The programme will now apply to just ten job centres, less than 1.5 per cent, this October.
The paper admits it was wrong to state that 878,000 people on incapacity benefit dropped their claims, rather than face a new medical assessment.
The scale of our collective error is startling, as a new survey by Ipsos MORI shows.
Ahead of Duncan Smith's grilling by MPs, a new study shows 92 per cent of claimants are unprepared for the new system in at least one area.
Regardless of the actual levels of need, the poor will lose out under the Chancellor's cap.
The party vowed to block further welfare cuts but the seven-day wait for benefits amounts to a £245m cut.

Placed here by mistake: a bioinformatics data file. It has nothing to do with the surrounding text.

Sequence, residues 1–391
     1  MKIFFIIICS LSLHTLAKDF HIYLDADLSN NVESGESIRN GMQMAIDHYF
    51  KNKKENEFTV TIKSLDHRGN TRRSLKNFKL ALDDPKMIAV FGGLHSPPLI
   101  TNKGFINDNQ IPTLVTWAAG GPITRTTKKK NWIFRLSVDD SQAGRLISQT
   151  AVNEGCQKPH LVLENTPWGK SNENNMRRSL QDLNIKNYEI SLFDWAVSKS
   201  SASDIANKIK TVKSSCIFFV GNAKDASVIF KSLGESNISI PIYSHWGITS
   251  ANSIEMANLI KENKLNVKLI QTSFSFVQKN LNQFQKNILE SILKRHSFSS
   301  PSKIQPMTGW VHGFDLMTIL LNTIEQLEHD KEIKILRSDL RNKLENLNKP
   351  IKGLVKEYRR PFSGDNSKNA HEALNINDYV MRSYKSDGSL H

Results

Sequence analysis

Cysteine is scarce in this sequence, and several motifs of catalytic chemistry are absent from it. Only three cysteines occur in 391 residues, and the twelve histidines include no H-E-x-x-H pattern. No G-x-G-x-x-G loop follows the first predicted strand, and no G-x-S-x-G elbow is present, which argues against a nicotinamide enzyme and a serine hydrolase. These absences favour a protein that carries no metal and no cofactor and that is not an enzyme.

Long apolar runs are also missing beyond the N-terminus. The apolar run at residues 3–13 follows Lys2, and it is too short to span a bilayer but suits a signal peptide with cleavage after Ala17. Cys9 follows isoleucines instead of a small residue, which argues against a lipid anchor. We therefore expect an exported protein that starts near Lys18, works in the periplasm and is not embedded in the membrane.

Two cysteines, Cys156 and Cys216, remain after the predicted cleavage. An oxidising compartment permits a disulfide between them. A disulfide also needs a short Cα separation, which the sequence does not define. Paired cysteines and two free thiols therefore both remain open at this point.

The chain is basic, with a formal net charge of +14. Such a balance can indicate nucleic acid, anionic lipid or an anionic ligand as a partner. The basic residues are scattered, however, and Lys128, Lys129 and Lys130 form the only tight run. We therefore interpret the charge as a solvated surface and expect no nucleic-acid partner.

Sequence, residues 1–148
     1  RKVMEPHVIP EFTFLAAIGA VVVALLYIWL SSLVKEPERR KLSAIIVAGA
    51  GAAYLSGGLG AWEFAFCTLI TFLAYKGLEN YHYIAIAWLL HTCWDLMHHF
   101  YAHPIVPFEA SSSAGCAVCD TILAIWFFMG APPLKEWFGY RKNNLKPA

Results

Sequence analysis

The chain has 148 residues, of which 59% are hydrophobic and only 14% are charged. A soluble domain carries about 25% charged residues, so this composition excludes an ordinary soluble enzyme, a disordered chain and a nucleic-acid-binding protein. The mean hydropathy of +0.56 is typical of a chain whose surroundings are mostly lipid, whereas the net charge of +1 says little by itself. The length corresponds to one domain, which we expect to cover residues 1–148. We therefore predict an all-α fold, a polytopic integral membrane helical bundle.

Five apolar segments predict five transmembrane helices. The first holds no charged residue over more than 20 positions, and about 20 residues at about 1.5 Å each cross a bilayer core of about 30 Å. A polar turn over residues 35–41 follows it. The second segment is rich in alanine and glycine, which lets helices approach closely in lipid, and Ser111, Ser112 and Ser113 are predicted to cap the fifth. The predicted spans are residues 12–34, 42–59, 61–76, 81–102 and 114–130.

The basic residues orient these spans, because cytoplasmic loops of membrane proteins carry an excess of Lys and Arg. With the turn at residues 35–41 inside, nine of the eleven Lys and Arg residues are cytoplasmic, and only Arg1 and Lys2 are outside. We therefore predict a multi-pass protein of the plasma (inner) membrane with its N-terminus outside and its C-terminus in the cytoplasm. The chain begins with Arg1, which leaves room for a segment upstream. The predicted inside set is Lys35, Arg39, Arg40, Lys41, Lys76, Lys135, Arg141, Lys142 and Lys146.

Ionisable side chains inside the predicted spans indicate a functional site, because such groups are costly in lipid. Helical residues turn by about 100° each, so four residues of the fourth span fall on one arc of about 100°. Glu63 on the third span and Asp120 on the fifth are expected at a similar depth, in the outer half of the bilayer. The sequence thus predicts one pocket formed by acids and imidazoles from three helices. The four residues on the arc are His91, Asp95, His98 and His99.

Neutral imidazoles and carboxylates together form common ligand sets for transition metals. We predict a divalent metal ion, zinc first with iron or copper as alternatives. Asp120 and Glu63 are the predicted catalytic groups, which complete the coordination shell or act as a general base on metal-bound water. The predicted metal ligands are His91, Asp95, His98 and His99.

Balls signals that he is willing to support the Chancellor's new curbs on claimants, including a seven-day wait for benefits.
The Chancellor works on the assumption that voters have a boundless appetite for ever tighter welfare limits.
A new seven day wait before people can claim benefits and a freeze in student maintenance grants will hit the poor hardest.
Behind the government's rhetoric, things aren't getting better for working people. They’re getting much, much worse.